Upon entering college her diet morphed into an obsession, and she said she became extremely hyper-aware of not only her habits but those of her teammates, as well.

“I knew I had an issue with eating, but I didn’t know I had an eating disorder,” Wise said.

During her sophomore and junior years the problem intensified and she said she started to become anemic from purging. A pre-existing heart condition that she had began to worsen at an alarming rate. Finally, during a routine check-up a doctor noticed how severely imbalanced her heart, circulation and other vital signs had become and that was the end of her swimming career.

For her, that news was devastating.

“I wasn’t done,” she said. “I still had work I wanted to do.”

Another senior Lehigh student athlete told a similar tale with one seemingly important difference. He is male.

“They’re slipping by when in fact what they’re doing is not healthy,” Jones said when speaking about the tendency to exclude male undergraduates from certain body image efforts.

Male students feel the sting of that stigma, especially when they find out counseling and talk therapy are part of their treatment.

“You’re a guy, you don’t do that,” said the senior student athlete.

Cunningham and London said they see both male and female students in the counseling center despite the stigma of eating disorders as a strictly female problem.

The male student said it started out as a quick method to slim down for athletics and to look better, but it soon surpassed the point of a minor diet.

“It got to the point where it was like clockwork after every meal,” he said. “It was like going through a week of hard practices without eating.”

One of the most dangerous parts of eating disorders is the permanent, lingering effects. In some of the most severe cases victims have their colon or half of their intestines removed or go onto dialysis just to stay alive.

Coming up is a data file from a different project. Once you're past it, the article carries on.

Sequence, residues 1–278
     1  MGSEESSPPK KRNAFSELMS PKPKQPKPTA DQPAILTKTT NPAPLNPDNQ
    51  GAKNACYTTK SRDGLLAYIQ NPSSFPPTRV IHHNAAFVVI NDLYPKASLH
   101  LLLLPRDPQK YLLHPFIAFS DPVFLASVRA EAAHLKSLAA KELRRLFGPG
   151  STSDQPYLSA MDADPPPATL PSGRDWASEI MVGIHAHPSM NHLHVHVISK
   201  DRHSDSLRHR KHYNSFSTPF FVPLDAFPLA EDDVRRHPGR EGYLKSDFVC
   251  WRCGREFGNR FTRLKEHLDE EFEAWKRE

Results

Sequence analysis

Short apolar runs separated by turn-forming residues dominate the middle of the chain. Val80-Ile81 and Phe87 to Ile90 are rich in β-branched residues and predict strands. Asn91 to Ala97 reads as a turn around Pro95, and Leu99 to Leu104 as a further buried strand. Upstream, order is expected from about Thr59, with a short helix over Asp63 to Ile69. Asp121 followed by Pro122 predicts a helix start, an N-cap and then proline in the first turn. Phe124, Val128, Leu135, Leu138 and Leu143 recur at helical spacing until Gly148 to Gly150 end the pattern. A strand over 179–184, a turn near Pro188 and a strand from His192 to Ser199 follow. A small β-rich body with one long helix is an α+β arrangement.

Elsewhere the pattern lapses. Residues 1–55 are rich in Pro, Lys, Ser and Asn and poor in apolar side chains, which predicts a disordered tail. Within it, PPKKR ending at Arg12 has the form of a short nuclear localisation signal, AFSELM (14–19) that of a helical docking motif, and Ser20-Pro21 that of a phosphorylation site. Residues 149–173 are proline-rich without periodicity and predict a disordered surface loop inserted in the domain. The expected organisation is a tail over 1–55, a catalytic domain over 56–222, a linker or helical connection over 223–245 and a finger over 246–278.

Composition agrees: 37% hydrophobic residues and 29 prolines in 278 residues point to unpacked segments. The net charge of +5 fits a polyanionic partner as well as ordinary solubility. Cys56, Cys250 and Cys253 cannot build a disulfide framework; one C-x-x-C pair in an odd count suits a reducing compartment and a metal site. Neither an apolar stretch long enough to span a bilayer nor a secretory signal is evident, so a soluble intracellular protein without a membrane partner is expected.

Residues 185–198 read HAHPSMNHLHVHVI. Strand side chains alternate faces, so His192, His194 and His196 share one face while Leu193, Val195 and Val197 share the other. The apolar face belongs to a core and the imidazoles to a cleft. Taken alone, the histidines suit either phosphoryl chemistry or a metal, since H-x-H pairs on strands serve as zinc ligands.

Despite the very real consequences of an eating disorder, recovery to a functional state is possible and does not have to be an independent journey. Along with nutritional conscientiousness, counseling and support play a key role in recovery, according to both students and experts.

The Lehigh Health and Wellness Center nurses and doctors are aware of the prevalence of eating disorders on campus and try to offer nutritional advice while working closely with counselors to get students help.

The counseling center homes trained professionals who offer both individual and group counseling to students. Students agreed that advertising both group and individual counseling services more openly and obviously would be extremely valuable.

Wise said the group counseling sessions were the most helpful to her because she was able to relate to peers who understood her struggles. The group meets once per week and consists of roughly 10 students who often attend in conjunction with their one-on-one sessions.

The Women’s Center has also spearheaded numerous efforts to help Lehigh students open dialogue about eating and body image issues. During the last week of February the center headed up an agenda of events in support of National Eating Disorder Awareness Week.

From an academic perspective, Lomauro teaches a psychology class focused on eating disorders and body image that originated from student demand, yet some resources seem to be hidden in the woodworks, much like the students suffering.

The consensus among Jones, Lomauro, Cunningham, London and the students interviewed was that support has begun to sprout from many different departments on campus, but there is still work to be done.

Students say that many resources in existence are not fully reaching the student population and therefore not making a maximum impact. For example, Women’s Center and Student Affairs offer two separate webpages on eating disorders. Jones said all sources would be most useful if they were connected. They will be working to provide a link to the Student Affairs page from the Women’s Center page.

Jones also suggested engaging coaches and other faculty members in awareness training could make a positive impact on the recognition and recovery of struggling students.

“The more I go through recovery, the more I can see the bad part of me going away and the good moving in,” Wise said.